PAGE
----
Regulation of Large-Scale Chromatin Structure and Epigenetic Control of Gene Expression during Oogenesis
Chromatin configuration in the nucleus or germinal vesicle (GV) of mammalian oocytes undergoes dynamic epigenetic modifications during oocyte growth. A crucial developmental transition at the culmination of oogenesis, large-scale chromatin remodeling in the GV is essential to confer the female gamete with meiotic and developmental potential. Using several models for the experimental manipulation of chromatin structure and function in combination with cell and molecular biology approaches, our current work seeks to determine the cellular pathways and factors that are involved in remodeling chromatin in the mammalian oocyte genome.
Role of Chromatin Modifications during Meiosis
Centromeric heterochromatin formation is essential for chromosome architecture, transcriptional silencing and chromosome segregation.
However, little is known concerning the epigenetic control of heterochromatin formation in the mammalian germ line. Using RNA interference (RNAi) we have begun to explore the role of ATRX, a heterochromatin binding protein with chromatin remodeling activity, during meiosis. ATRX is present at centromeric domains in the germinal vesicle of mouse oocytes and becomes exclusively associated with centromeres of chromosomes at metaphase I or metaphase II of meiosis, where it is required to mediate chromosome-microtubule interactions in the female gamete. Moreover, we currently study the role of the lymphocyte-specific helicase (LSH) on meiotic chromosome synapsis, heterochromatin formation and maintenance of genomic stability in the female germ line.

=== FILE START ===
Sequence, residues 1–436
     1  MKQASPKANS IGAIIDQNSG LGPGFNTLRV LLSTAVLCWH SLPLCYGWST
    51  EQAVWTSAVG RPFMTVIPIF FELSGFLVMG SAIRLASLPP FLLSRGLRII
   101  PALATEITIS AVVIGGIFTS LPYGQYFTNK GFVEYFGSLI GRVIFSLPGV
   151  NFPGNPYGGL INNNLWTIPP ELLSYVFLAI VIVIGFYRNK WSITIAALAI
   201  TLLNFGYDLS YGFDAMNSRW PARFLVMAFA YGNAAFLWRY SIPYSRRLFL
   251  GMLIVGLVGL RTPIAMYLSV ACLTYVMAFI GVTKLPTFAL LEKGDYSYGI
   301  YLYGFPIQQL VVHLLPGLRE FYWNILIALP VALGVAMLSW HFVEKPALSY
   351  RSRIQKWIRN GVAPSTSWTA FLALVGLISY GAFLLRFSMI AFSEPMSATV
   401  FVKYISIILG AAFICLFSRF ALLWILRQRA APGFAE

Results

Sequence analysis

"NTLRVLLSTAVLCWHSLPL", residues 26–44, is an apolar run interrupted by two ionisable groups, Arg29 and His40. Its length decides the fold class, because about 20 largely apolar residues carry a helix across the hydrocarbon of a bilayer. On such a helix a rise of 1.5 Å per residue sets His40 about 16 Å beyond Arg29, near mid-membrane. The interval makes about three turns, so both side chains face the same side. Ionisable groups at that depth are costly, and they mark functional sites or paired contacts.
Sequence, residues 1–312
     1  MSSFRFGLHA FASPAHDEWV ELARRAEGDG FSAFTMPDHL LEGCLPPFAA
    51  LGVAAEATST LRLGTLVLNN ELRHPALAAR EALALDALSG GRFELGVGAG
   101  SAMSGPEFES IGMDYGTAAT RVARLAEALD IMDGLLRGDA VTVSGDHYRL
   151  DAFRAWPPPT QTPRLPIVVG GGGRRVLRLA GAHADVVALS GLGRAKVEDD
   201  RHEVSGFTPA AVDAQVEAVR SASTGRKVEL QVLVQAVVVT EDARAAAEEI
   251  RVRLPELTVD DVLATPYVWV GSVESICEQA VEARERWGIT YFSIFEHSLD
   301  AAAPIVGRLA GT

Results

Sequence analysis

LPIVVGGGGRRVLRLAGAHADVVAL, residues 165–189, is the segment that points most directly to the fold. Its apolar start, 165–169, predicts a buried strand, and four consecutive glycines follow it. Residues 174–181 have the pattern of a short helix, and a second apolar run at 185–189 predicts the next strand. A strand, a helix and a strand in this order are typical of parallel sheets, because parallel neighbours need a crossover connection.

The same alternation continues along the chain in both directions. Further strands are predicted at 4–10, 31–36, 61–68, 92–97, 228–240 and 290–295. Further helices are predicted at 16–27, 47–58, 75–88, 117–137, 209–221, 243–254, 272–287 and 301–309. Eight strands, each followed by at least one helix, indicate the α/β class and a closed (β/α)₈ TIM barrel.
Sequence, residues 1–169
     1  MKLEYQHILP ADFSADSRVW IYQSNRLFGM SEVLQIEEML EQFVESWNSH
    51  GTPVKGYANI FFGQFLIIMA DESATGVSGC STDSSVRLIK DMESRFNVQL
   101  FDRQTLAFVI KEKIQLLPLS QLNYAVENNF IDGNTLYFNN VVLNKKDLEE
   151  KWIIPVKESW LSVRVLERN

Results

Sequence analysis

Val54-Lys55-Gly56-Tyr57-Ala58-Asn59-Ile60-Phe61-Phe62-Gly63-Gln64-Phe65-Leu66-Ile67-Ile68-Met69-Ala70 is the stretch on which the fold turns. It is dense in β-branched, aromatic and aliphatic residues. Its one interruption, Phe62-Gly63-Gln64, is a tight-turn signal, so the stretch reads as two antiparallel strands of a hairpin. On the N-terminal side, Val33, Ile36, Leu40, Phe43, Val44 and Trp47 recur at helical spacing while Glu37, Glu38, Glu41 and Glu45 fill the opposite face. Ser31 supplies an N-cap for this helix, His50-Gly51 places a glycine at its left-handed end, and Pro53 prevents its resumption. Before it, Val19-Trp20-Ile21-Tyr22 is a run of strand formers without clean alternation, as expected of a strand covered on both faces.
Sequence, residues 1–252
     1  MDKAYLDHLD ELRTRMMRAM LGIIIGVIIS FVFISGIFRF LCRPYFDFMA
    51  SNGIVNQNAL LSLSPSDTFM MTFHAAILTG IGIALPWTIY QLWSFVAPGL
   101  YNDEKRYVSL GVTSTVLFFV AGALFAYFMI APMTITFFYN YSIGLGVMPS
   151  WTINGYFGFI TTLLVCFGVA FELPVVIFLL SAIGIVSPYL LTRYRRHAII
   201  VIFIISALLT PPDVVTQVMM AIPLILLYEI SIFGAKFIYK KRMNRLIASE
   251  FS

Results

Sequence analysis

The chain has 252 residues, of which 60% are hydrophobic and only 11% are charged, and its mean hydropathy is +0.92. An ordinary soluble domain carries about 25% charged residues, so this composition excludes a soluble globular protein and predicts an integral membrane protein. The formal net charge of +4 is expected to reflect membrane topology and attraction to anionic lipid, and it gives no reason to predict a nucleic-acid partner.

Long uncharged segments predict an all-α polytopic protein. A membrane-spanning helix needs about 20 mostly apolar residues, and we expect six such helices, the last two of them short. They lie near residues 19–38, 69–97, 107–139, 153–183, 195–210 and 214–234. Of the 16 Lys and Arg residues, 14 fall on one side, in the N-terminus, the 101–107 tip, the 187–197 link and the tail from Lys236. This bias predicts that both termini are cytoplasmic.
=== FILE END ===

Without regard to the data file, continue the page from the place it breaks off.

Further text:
KEY WORDS: Meiosis, chromatin remodeling, centromeric heterochromatin, epigenetic modifications, ATRX, LSH, PARP-1, CBX2